Taxable and Non-taxable Allowances

I’ve noticed some questions on Yahoo answers about which allowances are taxable and which are not.  At the current time, the only taxable allowance is CONUS COLA, the Cost of Living Allowance paid to people who living in certain expensive parts of the continental United States.  By federal law, all new allowances created after 1986 will be taxable.  Inexplicably, the Family Supplemental Subsistence Allowance, which was created in 2001, is non-taxable.  Go figure.

Basic Allowance for Housing (BAH) – non-taxable

Basic Allowance for Subsistence (BAS) – non-taxable

Clothing Allowance – non-taxable

Cost of Living Allowance (COLA), within the US (CONUS) – taxable

Cost of Living Allowance (COLA), outside the continental US (OCONUS) – non-taxable

Dislocation Allowance (DLA) – non-taxable

Family Separation Allowance (FSA) – non-taxable

Family Subsistence Supplemental Allowance – non-taxable

Move In Housing Allowance (MIHA) – non-taxable

Overseas Housing Allowance (OHA) – non-taxable

Temporary Housing Allowance (TLA) – non-taxable

Temporary Housing Entitlement (TLE) – non-taxable

Please let me know if you see any errors or omissions.

Update:  I’m sure you all know this, but if it is called a “pay,” it is usually taxable.

About the Author

Kate Horrell
Kate Horrell is a military financial coach, mom of four teens, and Navy spouse. She has a background in taxes and mortgage banking, and a trove of experience helping other military families with their money. Follow her on twitter @realKateHorrell.
  • Tony

    Is it true that Alaska and Hawaii cost of living allowance are not taxed?

    This figure is quite significant if it is not taxed!

    Please let me know if this is correct.

    • shawn

      I know Alaska counts OCONUS but Hawaii is conus

      • ste

        No, Hawaii is OCONUS. COLA NOT taxable on the Fed. side. Hawaii State taxes will tax that amount as income, however.

        • Watchin’ the fun

          Let’s look at the income reporting and tax return forms – such as IRS Form W-2 and the “long” form 1040: There isn’t any block on either form to show normally non-taxable allowances as taxable income. Also, why should legal residents of Alaska or Hawaii who are stationed in their home of record state be taxed or not taxed differently than residents of the other 48 who are stationed in either Alaska or Hawaii ? How will the W-2 show that a military member is or is not an Alaskan or Hawaiian resident ? This appears to be built-in discrimination varying the taxability based on residency.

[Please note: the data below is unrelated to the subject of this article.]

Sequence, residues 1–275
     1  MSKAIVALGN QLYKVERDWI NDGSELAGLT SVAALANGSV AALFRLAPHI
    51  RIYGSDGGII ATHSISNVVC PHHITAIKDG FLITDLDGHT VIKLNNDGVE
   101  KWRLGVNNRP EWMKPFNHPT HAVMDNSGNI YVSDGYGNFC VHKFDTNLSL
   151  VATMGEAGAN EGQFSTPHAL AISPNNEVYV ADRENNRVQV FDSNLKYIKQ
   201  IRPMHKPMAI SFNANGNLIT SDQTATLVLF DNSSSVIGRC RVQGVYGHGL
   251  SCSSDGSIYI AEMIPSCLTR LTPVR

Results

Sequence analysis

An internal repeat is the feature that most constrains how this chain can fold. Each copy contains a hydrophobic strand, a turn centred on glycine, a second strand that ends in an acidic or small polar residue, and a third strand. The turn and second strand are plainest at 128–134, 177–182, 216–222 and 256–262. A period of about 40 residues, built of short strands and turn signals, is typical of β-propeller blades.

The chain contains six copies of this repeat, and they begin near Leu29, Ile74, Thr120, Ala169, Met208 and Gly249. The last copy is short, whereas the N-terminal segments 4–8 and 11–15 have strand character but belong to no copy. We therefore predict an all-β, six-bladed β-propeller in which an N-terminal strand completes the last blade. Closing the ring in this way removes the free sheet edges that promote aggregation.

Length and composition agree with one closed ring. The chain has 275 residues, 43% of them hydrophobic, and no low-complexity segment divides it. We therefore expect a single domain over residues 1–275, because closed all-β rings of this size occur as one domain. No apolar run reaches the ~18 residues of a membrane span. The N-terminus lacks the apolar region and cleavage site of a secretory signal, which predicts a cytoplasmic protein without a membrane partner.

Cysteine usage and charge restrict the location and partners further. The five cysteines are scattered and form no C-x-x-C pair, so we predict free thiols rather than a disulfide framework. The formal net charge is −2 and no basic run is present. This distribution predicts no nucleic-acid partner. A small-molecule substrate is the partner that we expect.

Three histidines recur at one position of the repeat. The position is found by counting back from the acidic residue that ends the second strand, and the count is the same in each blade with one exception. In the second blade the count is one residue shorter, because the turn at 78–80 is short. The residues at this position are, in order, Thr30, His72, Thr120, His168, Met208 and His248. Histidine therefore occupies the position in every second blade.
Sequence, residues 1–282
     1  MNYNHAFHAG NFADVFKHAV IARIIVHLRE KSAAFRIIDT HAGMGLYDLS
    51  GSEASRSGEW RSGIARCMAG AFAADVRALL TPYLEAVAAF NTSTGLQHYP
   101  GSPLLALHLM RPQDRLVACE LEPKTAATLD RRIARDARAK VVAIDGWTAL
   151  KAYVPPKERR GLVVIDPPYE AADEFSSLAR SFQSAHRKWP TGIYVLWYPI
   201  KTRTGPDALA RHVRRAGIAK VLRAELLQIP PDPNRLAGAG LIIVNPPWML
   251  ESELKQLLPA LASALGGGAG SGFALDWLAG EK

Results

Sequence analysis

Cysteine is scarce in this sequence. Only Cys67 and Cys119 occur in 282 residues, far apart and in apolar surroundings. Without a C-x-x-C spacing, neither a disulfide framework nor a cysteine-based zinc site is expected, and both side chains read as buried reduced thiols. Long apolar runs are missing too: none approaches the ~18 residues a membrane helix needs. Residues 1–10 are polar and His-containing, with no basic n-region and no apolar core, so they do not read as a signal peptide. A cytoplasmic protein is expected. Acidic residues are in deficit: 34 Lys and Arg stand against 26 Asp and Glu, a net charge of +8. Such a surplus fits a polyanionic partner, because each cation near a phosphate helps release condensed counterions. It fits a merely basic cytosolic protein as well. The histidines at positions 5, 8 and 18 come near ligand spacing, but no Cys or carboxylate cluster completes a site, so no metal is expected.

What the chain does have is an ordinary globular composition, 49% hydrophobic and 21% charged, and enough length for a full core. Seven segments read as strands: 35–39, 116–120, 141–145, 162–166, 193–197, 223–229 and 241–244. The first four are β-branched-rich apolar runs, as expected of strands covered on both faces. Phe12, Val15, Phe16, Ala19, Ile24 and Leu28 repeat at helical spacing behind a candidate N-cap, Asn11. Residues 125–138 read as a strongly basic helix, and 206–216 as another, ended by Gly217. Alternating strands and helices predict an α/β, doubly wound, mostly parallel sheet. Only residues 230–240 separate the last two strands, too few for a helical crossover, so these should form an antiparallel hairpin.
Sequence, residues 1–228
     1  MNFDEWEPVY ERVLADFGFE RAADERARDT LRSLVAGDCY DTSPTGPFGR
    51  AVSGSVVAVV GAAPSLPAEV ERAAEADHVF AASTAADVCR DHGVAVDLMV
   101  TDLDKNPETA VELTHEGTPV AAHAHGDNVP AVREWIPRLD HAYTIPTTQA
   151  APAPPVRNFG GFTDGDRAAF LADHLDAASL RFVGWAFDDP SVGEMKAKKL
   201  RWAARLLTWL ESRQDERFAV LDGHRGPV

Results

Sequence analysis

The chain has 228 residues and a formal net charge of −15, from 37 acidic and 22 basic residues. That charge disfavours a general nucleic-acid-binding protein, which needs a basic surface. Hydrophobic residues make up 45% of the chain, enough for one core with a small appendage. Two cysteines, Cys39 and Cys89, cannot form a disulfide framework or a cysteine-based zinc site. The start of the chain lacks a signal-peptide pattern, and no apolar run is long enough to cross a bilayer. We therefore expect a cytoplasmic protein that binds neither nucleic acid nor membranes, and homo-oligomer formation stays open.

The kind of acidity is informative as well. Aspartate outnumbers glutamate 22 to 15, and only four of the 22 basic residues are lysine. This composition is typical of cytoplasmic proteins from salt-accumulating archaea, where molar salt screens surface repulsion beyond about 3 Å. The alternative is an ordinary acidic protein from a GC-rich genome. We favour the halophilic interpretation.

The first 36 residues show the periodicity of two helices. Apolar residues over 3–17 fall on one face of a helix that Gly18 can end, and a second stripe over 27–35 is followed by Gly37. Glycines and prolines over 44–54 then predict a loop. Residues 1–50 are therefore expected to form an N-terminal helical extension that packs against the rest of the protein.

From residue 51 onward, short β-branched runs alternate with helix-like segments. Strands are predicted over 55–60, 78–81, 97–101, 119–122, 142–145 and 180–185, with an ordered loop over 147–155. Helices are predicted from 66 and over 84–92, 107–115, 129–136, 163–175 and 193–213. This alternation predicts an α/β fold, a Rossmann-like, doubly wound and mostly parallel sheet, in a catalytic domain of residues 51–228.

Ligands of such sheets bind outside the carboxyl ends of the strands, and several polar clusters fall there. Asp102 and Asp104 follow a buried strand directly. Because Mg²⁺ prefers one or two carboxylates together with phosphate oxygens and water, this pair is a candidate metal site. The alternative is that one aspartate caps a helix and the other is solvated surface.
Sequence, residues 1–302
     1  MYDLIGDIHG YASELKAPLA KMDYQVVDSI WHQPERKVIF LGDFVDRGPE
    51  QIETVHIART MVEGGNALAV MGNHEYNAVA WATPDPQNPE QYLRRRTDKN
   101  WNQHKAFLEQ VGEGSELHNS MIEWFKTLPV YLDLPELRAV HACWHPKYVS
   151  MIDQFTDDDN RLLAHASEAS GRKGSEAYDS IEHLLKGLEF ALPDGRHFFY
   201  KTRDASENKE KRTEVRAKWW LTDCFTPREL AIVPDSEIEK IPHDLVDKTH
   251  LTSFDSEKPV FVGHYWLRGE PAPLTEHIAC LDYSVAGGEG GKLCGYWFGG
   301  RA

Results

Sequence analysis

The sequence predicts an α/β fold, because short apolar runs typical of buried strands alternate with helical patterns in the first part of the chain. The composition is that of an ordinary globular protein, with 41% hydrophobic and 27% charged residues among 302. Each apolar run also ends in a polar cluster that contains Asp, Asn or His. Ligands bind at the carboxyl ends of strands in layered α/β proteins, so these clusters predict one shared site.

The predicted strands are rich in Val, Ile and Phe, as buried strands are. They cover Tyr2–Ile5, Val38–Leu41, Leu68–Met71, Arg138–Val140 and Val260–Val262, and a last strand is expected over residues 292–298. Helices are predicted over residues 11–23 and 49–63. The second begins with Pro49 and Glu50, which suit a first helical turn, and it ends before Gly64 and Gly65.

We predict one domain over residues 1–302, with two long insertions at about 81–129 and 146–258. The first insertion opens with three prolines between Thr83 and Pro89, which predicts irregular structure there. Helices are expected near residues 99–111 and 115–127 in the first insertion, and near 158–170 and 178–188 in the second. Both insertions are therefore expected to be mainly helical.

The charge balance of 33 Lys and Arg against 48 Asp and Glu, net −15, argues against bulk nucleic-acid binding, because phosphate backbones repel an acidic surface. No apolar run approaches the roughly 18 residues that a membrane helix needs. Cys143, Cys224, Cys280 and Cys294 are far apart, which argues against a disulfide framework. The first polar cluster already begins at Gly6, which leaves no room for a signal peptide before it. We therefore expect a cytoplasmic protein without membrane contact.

• Guest contributor

      NO allowance is taxable, where ever you are stationed. Only items named “PAY” are taxable.

      • Kate

        Actually, CONUS COLA is taxable. It used to be true that allowances were never taxable, but that is no longer true. At the current time, CONUS COLA is the only taxable allowance. However, under federal law, all allowances created after 1986 are supposed to be taxable.

        • Guest contributor

          Annual “COLA” goes into base pay which is taxable – COLA would be better named Annual base pay increase due to higner cost of living. The other non-base pay allowances – Food, Housing, Uniform, etc, also get annual increases but these allowances have never been taxable.

          • Kate

            We’re actually talking about the Cost of Living Allowance paid to certain members who reside in high-cost areas, not the Cost of Living Adjustment that changes base pay each year. Very different things, but often confused because they share an acronym.

  • CSP

    If you are referring to the COLA we get in Ak- it is not taxable cause AK is considered OCONUS.



    • Kate

      Lee, I’m unaware of any situations where VHA is still used, having been replaced by BAH. Are you receiving VHA, if so, can you tell me about your situation? Thanks!

      • Lee Collins

        My nephew received a W-2 that showed both BHA AND VHA to be taxable , both being excluded from box 14. He is Retired military and teaches ROTC. The two together cause him to have a tax deficit. I know VHA is no longer part of allowances (replaced by BHA), I am looking for info that tells me how to treat it.

        • Kate

          I don’t know a lot about ROTC/JROTC, but I don’t believe that their allowances are non-taxable because they are employees of the school or school district, not the military. I found this case that discusses the issues:… I hope this helps.